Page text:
Caught up in deadly arms race

By K N Pandita

Never before has the world seen its denizens making a bigger effort of self-destruction than what we are witnessing today. Powerful advanced nations have always sought to manufacture more and more lethal weapons to be used on land or sea or in the air. The smaller nations that are economically far behind the superpowers are also trying to fill their arsenals with as many sophisticated weapons as they can.

Superpowers raise the bogey of threat from their rivals to justify a race for advanced or what is technically called next-generation arms. But in reality, they are doing so to garner markets for new tech war machines and thus boost their economies and sustain the standard of life they have provided to their citizens. Consequently, scientists and technocrats are in great demand to use their innovative potential and manufacture more and more destructive weapons. The arms race has become as acute as to profile nothing less than the angel of death.

The triangular rivalry involving the US, China and Russia is the first circuit of international rivalry seeking arms supremacy, and hence they constitute the first grid of the arms race. All three countries are working tirelessly towards innovation in the manufacturing of warplanes, long-range and supersonic missiles and powerful naval strike forces; weapons of mass destruction apart.

They have also identified the regions of the globe likely to be converted into battlegrounds. For more than a century and a half Central Asian region remained at the centre of the British and the Czarist political rivalry, which resurged in the cold era phase in a new form. Czarism re-surfaced in its new avatar of Marxism-Leninism, and British imperialism gradually surrendered its colonial aspirations to the rising sun of American capitalism.

The rather surprising happening of the contemporary world is the sudden rise of the opium-eater nation of China to the heights of superpower, economically and militarily, so much so that while Russia has sought her friendship, the United States is considering her a serious challenge to its world-dominating status. For some time in the recent past Sino-American economic rivalry has taken the world markets by surprise as China is widening them for its goods globally.

The fallout of the tripartite rivalry has resulted in the second grid of arms race among the satellite nations of the three superpowers. Developed or developing democratic countries in the Asian Continent such as Australia, Japan, South Korea and India, all having a stake in the IOR, Indo-Pacific and the South China Sea have thrown their lot with the United States. The pretension of the Quad-4 that the organization aims at boosting trade and technological partnership is only a cover. Quad-4 is a naval alliance to neutralize the Chinese aggressive posture in the Indo-Pacific and the IOR. Maximum international trade passes through the Strait of Malacca and the Indo-Pacific nations want to ensure that China does not impose its hegemony on the strategic water channel.

Side by side the Quad-4 another military alliance called Aukus has come up. The UK, US and Australia have announced a historic security pact in the Asia-Pacific, in what is seen as an effort to counter China. It will let Australia build nuclear-powered submarines for the first time, using technology provided by the US. The August pact, which will also cover Artificial Intelligence and other technologies, is one of the countries’ biggest defence partnerships in decades, analysts say.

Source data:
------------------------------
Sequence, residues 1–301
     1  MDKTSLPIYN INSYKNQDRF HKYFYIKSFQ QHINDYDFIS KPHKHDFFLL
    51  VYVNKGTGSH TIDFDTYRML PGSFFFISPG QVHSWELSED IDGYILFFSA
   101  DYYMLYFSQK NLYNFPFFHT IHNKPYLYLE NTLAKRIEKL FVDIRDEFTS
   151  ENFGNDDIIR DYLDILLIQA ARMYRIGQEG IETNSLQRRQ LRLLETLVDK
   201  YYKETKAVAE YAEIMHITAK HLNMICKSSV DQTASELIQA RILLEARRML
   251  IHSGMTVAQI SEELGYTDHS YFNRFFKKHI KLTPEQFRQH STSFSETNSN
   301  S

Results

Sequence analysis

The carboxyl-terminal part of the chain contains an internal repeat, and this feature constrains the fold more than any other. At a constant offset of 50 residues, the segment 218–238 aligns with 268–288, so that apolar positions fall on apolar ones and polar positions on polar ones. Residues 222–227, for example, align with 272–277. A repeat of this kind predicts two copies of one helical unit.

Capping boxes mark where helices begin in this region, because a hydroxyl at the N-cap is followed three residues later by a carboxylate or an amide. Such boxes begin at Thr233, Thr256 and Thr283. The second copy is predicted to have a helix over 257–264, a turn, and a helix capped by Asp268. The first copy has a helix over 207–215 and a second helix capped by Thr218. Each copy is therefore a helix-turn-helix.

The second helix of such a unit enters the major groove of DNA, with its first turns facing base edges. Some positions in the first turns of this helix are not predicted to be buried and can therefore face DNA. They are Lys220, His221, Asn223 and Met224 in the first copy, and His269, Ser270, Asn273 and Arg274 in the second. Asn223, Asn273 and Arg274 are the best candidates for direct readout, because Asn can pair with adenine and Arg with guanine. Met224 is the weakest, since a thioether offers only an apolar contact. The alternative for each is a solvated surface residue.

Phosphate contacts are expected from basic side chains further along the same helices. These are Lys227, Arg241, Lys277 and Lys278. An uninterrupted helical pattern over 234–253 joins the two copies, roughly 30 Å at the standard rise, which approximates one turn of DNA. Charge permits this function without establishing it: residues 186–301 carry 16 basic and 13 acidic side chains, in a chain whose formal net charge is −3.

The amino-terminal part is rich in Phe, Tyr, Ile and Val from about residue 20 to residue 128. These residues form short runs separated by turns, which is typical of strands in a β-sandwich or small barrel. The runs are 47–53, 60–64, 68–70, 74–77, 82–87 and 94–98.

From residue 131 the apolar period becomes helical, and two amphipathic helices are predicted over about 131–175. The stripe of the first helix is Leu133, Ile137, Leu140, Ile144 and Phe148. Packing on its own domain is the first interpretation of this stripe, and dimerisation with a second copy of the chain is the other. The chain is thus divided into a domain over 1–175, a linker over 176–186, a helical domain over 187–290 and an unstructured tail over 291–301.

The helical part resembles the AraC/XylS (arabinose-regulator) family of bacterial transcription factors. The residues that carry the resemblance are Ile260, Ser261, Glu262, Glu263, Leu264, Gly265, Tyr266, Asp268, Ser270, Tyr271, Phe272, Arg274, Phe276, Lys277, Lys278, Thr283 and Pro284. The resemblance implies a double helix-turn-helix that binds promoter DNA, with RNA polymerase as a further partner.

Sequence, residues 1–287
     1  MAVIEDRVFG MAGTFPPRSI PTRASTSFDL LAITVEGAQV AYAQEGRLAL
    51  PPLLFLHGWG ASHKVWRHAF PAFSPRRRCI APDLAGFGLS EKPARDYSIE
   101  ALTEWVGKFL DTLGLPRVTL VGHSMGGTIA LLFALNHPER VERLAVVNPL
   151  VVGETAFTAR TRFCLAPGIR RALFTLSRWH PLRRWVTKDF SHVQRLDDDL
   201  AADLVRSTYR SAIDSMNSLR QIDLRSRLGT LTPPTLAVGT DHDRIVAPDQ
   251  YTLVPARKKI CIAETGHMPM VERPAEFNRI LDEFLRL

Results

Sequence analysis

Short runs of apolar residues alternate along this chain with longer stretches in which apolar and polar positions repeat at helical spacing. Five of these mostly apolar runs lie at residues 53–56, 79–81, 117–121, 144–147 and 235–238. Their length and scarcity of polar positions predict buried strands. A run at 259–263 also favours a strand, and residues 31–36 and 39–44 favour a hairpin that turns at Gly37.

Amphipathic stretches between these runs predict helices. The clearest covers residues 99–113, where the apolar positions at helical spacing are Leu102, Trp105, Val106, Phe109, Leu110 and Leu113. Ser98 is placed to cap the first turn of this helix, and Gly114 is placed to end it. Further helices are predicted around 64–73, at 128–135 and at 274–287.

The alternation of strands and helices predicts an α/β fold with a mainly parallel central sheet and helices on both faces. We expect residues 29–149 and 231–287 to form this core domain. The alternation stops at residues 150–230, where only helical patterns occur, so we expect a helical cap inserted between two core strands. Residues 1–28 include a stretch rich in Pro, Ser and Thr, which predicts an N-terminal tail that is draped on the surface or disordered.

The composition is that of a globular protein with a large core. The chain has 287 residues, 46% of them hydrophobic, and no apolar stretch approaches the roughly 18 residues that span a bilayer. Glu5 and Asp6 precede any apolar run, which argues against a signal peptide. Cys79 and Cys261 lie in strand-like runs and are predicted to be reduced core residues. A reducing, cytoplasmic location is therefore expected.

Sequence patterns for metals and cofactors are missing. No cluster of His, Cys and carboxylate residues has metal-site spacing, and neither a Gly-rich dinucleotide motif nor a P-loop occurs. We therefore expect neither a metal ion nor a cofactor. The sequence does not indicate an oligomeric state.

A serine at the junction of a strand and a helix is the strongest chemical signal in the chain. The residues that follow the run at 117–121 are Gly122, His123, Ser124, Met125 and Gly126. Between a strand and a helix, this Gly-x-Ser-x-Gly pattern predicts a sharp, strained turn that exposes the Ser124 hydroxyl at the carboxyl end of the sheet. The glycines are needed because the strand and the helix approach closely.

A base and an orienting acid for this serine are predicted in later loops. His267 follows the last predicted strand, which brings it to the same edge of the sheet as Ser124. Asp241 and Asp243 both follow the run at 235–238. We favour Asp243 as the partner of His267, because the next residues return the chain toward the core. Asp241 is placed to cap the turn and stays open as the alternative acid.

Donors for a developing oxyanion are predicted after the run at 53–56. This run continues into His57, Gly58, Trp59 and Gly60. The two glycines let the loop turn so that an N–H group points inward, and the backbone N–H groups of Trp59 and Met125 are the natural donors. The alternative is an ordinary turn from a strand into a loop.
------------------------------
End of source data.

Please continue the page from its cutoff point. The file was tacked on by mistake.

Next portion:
China has condemned the agreement as “extremely irresponsible”. China’s embassy in Washington accused the countries of a “Cold War mentality and ideological prejudice”.

China has sponsored a parallel Quad-4 type of organization led by non-democratic or pseudo-democratic countries like Pakistan, Turkey and Iran under the leadership of China. A closer look at these formulations shows that the Chinese Quad-4 is not necessarily formulated for either lending military strength to China or defending their respective authoritative political dispensation at home. The participating members have their national and political interests. Pakistan does not want Indian naval power to have a say in the control of the waterways of the Indian Ocean. Turkey has been aspiring for replacing Saudi Arabia as the epicentre of the Islamic world, something for which Pakistan, too, nurtures hidden ambition.

Russia does not tolerate the US playing a leading role in the Indian Ocean region because of its interests in the Middle East and the African States. Regarding the Afghan Taliban, Russia has adopted a conciliatory attitude to keep both Iran and Pakistan in a happy mood. Though the Central Asian Republics, especially Uzbekistan and Tajikistan, do not see eye to eye with Moscow for its Taliban policy, nevertheless, it appears Moscow has convinced the Taliban leadership that it should not allow its land to be used for subversive activities against the CARs.

An important factor that comes into play in this multi-faceted political and strategic rivalry is the role of Israel. For a long time, the existence of the State of Israel on what the Arabs call Islamic land has been a source of acrimony between the Arabs and the Israelis as well as the Iranians and the Israelis. With time, and through astute diplomacy of the Jewish lobby in the US Congress, relations between Israel and the Arab world have left behind an era of dire acrimony. Saudi Arabia has not, for a long time, taken any step that would cause damage to her relations with Israel. Only recently relations between the UAE and Israel have been officially endorsed and the two sides are planning to widen the scope of the relationship further. This has upset Iran, a country that wants to tell the world that she is more Islamic than the Arabs by expressing hatred and dislike for the Jews in fulfilment of the Quranic injunctions.